In the time you have spent as an LPN student and a working licensed practical nurse, you've likely come to realize the importance of experience when it comes to health care. The hours you spend in the classroom provide a great foundation for your career, but it's not until you get out into the field that you really find out what it's like to be a nurse. That's why, as an LPN with experience, you could be a great asset to a local RN degree program.
If you look at news reports and industry statistics, there's no doubt that Massachusetts nursing is changing. Local advocacy groups are pushing for stricter nurse to patient ratios, a law that would require employers to hire more registered nurses.
Learn about the opportunities available at LPN to RN Massachusetts schools by requesting information from the nursing schools listed below.
Why Should I Enter an LPN to RN Program in Massachusetts?
Massachusetts is an excellent state for LPNs who want to become registered nurses. There is a strong support and advocacy community for nurses in this state that you can benefit from. In addition, you may find that reaching the next level of licensure prepares you for more jobs and openings in your community. Whether you want to advance with your current employer or explore job openings with new health care employers, becoming an RN may help you reach that goal.
Given that registered nurses have a bigger scope of practice and more responsibilities than LPNs, salaries at the RN level tend to be significantly higher. In Massachusetts, LPNs bring in an average of $53,600 per year and RNs earn an average of $81,400 per year (O*Net, 2014).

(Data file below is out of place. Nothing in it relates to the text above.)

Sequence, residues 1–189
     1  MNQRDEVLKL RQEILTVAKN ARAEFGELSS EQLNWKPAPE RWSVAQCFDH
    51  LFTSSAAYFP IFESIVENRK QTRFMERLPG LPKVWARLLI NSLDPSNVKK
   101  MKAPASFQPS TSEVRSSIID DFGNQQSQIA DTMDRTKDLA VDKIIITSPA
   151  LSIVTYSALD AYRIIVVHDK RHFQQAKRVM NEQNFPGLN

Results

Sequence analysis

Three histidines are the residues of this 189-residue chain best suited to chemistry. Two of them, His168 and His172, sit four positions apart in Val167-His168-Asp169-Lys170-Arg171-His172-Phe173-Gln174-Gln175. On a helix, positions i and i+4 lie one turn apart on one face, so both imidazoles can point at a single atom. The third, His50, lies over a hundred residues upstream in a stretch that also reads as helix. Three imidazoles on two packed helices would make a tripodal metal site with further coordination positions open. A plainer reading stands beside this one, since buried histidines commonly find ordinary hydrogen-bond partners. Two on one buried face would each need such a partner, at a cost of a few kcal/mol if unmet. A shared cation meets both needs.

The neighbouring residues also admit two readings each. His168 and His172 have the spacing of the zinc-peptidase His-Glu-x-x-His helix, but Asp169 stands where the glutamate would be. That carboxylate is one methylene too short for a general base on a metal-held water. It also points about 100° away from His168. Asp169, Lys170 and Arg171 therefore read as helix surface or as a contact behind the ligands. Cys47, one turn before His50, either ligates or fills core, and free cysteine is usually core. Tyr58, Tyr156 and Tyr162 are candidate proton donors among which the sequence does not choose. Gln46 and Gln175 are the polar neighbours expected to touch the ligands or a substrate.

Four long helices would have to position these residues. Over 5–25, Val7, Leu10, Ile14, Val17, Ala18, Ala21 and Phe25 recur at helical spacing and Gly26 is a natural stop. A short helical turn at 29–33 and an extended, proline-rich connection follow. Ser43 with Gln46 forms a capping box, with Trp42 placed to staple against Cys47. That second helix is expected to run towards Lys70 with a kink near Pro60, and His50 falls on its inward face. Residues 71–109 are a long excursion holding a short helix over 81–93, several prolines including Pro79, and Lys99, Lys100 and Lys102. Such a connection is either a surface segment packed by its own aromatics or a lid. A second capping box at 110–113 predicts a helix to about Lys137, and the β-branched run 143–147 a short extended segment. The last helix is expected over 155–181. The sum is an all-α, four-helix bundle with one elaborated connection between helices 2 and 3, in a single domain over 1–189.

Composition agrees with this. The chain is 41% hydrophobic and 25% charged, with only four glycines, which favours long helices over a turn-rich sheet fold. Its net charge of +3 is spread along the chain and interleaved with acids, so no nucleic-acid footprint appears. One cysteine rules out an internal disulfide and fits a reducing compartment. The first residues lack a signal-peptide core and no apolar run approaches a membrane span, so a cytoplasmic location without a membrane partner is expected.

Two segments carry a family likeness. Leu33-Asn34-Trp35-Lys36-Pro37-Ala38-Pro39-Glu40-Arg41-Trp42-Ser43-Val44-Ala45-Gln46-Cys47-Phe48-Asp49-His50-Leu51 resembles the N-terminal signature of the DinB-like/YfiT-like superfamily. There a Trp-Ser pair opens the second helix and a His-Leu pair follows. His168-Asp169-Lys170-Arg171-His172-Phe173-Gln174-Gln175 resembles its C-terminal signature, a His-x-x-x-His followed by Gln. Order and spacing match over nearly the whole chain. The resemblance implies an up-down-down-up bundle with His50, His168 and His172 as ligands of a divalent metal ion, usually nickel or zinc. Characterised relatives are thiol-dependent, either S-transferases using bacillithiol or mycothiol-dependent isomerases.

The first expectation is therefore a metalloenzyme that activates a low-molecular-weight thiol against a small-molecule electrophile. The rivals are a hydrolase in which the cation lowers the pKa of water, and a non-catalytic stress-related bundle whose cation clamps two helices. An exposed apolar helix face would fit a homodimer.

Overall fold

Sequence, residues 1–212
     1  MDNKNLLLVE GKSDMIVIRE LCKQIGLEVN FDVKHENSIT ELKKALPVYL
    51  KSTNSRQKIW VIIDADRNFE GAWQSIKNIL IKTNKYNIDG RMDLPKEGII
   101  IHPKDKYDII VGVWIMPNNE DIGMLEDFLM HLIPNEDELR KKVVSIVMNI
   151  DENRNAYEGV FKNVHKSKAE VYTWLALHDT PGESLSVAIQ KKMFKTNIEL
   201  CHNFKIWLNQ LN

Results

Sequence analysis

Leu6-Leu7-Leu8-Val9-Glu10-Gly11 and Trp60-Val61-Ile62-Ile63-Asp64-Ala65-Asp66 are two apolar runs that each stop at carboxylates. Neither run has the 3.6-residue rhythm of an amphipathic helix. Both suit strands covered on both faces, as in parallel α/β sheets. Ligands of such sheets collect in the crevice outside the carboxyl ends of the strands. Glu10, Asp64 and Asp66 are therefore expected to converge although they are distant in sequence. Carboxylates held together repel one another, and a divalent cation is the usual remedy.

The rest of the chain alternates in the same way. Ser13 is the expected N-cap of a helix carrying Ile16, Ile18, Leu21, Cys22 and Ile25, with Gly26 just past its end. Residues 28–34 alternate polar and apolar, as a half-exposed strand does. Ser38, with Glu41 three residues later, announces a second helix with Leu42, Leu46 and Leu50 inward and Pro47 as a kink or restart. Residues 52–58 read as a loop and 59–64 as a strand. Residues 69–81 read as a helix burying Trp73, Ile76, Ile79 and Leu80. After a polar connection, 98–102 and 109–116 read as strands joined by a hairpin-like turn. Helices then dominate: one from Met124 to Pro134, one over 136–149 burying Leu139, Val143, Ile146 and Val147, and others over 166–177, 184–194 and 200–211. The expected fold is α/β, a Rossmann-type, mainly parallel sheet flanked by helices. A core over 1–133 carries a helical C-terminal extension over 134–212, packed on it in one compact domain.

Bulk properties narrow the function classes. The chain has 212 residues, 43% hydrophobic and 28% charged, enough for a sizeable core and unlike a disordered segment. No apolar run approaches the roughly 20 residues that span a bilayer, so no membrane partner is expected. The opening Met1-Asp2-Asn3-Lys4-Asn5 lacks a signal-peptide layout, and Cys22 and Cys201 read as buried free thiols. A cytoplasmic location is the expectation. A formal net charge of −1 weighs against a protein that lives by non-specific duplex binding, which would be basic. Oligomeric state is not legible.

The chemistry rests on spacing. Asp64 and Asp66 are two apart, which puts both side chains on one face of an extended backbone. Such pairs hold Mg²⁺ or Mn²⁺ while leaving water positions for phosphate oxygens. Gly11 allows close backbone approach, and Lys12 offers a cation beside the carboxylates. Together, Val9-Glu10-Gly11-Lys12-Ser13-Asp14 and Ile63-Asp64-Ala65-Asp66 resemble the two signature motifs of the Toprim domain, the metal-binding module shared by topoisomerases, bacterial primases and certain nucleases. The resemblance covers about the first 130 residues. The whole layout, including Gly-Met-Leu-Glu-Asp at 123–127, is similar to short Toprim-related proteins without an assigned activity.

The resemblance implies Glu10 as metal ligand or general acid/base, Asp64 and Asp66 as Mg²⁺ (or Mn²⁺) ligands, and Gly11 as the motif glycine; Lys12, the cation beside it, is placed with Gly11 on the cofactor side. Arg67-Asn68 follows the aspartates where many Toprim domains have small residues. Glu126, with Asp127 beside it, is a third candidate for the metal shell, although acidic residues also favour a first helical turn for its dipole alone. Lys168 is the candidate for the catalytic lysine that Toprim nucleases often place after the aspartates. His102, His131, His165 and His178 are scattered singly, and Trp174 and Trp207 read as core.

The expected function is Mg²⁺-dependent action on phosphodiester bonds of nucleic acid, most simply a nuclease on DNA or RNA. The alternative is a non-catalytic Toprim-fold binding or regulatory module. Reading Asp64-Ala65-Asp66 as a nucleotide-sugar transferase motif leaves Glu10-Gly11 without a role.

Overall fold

Curriculum of LPN to BSN Programs in Massachusetts
With your LPN diploma and your active license, you are already well on your way to becoming a registered nurse and serving the patients of Massachusetts in new and exciting ways. You should anticipate completing between 30 and 90 credits, depending on which school and which program you decide on.
The time you spend in LPN to RN programs Massachusetts should be divided between general education courses and RN coursework. Your registered nursing classes are the most important, as they give you the theory and practice you need to prepare for the NCLEX-RN after graduation. This exam is required for licensure, so you definitely want to excel.
The classes you take are designed to broaden your understanding of the human body, teach you how to use nursing knowledge in a variety of settings, and build on your LPN experience to prepare you for the responsibilities you'll take on as a registered nurse.
The classes you take in LPN to RN programs in Massachusetts may include Developmental Psychology, LPN to ADN Concepts, Pathophysiology, Anatomy and Physiology, Nursing Care for Children, and Nursing Care for Adults. Clinical experiences vary widely between schools, but generally speaking, you'll spend several hundred hours in different clinical environments.
Make use of your LPN connections to find financial aid options for your continuing education. If you are a member of the Massachusetts Nurses Association, you may find financial help through the Massachusetts Nurses Foundation.
You could be just one year away from having the title of RN. Find out how you can get started by requesting information from LPN to RN programs in MA.